Skinboats.org is also where most of us Skin-on-Frame builders get our stuff. Fabric, sinew, dyes, other materials, plans, books, and whatnot at your finger tips. (Unless you can hunt down a walrus, or have a local manufacturer who gives you insider deals.)
You can expect to spend about $300 on the skin materials (fabric, stitching sinew, and urethane, optional dye) for an average-sized kayak. The frame materials can usually be found locally, either from lumber yard or building supply (see notes below), or by harvesting your own green oak or willow shoots for ribs. Choice wood for boats includes white oak, cedar, spruce, and tropical hardwoods. Avoid quick-rotting wood like ash, cottonwood, or fir, if you can. They will work better than nothing, but your boat may need careful dry storage to avoid rot.
Seriously, that's all there is to it. Get a plan, get the materials, and start. But it speaks well for your stick-to-it-ive-ness that you are finishing this first, so I'll give you a few more tips.
Choosing a Plan: The shape of the boat determines how it handles, and what you can do with it. Wide, flat boats are stable in the water, but may be slow or harder to steer. (The wind can push them around easily, too). Long, narrow boats are good for long distances and speed, but require more skill to balance. Shorter boats, and boats that are kind of plump and football shaped, are useful for quick-turn situations and popular for river kayaking. Folks that like to go out for a purpose (hunting, bird watching, cargo/camping/touring) may need larger volumes or extra storage gear on their boats. Some designs have a flat deck behind the paddler, where gear can be strapped on.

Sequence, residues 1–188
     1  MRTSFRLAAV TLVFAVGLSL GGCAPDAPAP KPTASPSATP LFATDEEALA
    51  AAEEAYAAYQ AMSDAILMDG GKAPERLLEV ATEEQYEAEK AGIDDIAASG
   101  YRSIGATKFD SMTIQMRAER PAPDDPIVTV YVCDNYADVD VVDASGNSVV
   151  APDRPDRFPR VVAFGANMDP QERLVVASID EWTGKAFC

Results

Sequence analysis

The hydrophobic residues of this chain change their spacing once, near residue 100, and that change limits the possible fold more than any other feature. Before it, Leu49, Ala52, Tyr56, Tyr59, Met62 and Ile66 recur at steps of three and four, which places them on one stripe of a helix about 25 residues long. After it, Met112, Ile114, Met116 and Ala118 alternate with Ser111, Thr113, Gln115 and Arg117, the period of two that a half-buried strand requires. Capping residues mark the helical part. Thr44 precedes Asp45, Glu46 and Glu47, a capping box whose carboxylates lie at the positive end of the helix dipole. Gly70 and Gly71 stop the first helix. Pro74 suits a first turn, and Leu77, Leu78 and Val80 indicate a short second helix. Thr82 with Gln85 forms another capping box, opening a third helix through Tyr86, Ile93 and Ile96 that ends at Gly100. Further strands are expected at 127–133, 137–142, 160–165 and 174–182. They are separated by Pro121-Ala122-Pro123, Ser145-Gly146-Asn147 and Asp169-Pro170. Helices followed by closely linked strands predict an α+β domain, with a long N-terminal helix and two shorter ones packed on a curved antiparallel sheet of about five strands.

It is better to use a proven plan (many of the styles have thousands of years of testing already); avoid mixing and matching features. A classic beginner mistake is to think "if I make the sides of the boat taller, it will be safer!" but instead, taller sides make it harder to reach the water for paddling, and more likely to tip over.
A few things it is OK to modify:
- You may wish to size the cockpit (ring around the opening of the kayak) to fit a standard spray skirt, if it is not already the proper size.
-It can be OK to add on 'skegs' or little rub-strips, attached to the outside with stitching or aquarium cement. These could include a long external keel if you want a straighter-steering boat.
- Gear straps can be attached on the top deck, whether or not your original design had them. Gear straps or bungies allow you to put the paddle somewhere if you are handling other gear, and can help with self-rescue (stick the paddle through the strap like an outrigger, with a float on the end if available, to help hold the boat upright while you climb back in).